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Diplomacy dictates an attitude of give and take

By Kamotho Waiganjo | May 8th 2021
President Uhuru Kenyatta and Her Excellency Samia Suluhu Hassan, President of the United Republic of Tanzania address a joint press briefing at State House, Nairobi on May 04, 2021. [PSCU]

Kenya bagged two diplomatic triumphs this week, even as internally, Jubilee’s implosion appeared irredeemable and surprising cracks appeared in its handshake partner ODM.

The diplomatic breakthroughs have tremendous implications on Kenya’s economic and security welfare. The first occurred with the high-level visit of Tanzanian new supremo President Samia Suluhu.

In her continuing but genteel departure from her predecessor’s path, President Suluhu left no doubt that the icy relations that had characterised the Magufuli tenure would be no more. Relationships between Kenya and Tanzania have never been the friendliest, but they went to their lowest with Magufuli. Kenyans working in Tanzania were routinely sent packing. Numerous non-tariff barriers threatened Kenya’s exports with its second-largest export market.

Kenyan farmers faced harsh sanctions including the confiscation of their livestock. Kenyan investors found the going tough within Tanzania. The Joint Commission on Cooperation which was responsible for managing the numerous issues plaguing the relationship last sat in 2016! At some stage, President Kenyatta had to fly to Tanzania to cool temperatures.

While niceties were exchanged and beautiful peacocks gifted, nothing of substance was achieved. During the visit, the two presidents agreed on a relations reset. Several MoUs were signed including the one that revived the natural gas pipeline from Dar to Mombasa, a project that would be a major boost to Kenya’s desire to shift to clean energy.

A day later, Kenya and Somalia resumed diplomatic relations which had broken off in December. The last six years have been characterised by intense tensions between these two neighbours pursuant to the maritime dispute that Somalia took to the International Court of Justice in 2014. The dispute stems from a disagreement over how the countries’ maritime boundaries should be extended into the Indian ocean. Kenya argues should run latitudinally while Somalia argues that the same should run in a southern easterly manner continuing the path of its land border.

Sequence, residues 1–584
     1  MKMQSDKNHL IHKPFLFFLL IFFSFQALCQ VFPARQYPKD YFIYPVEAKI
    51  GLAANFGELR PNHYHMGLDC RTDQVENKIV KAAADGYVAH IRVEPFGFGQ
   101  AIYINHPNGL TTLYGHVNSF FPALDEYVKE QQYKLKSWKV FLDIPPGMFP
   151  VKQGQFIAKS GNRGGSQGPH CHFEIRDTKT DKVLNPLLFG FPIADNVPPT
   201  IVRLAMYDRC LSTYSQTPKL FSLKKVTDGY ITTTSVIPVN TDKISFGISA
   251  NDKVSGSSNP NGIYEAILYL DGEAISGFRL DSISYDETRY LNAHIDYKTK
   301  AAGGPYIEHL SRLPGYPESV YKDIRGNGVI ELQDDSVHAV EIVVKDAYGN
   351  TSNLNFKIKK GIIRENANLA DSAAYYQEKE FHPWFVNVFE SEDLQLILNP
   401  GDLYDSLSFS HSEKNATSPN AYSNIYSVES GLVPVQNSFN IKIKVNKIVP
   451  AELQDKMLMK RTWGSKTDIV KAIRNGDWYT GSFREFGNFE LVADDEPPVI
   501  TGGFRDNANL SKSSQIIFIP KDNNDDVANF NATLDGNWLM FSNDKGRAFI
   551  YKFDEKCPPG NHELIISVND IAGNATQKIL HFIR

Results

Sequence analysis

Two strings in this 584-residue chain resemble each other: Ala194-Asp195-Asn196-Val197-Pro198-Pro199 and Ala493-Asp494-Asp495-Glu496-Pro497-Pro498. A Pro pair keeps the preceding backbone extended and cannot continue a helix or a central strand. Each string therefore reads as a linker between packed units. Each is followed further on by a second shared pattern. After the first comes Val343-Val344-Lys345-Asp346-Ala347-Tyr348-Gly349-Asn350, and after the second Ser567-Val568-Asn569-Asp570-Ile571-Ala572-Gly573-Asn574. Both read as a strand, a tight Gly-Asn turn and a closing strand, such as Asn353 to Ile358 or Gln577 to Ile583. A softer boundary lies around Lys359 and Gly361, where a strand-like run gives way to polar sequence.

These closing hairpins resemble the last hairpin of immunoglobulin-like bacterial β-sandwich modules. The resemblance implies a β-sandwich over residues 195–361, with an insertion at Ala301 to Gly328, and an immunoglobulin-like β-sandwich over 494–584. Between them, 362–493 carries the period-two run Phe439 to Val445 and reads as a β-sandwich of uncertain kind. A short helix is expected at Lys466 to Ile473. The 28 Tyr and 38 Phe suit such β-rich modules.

The difference in the two perspectives amounts to about 100,000 square kilometres of an area known to be rich in oil and gas, quite apart from it being fertile fishing grounds. The contestation has been so intense that Kenya refused to take part in the case citing ICJ’s “perceived bias”.

The diplomatic tiff had serious economic impact with Somalia inter alia refusing Kenya’s khat imports that at their best season used to command up to 50 flights daily. The impasse also threatened security in the region with the two countries no longer in active cooperation in the fight against terrorism especially against Al Shabab.

One hopes that the Qatar sponsored rapprochement will lead to a negotiated settlement on the maritime border issue and eventually to greater economic and security cooperation.

Unlike our externals, on our domestic front, diplomacy had ebbed. In ODM there was surprising rebellion by some ranking party members including Rarienda’s Otiende Amollo and Siaya’s indefatigable James Orengo.

At Jubilee, the now public tension between the President and his Deputy was in full view. The DP was notably absent from the Suluhu state visit. In Parliament, his diehard troops openly defied the President’s call to support the Bill in the House. A favourable ruling by the Political Parties Dispute Tribunal appeared to have put wind in their sails. Some believe this is evidence of vibrant party democracy.

Methinks the Jubilee schism and the level of party indiscipline and open defiance it has borne bodes ill for our democratic development. It however appears that our external diplomatic skills are incapable of healing these internal fissures.  

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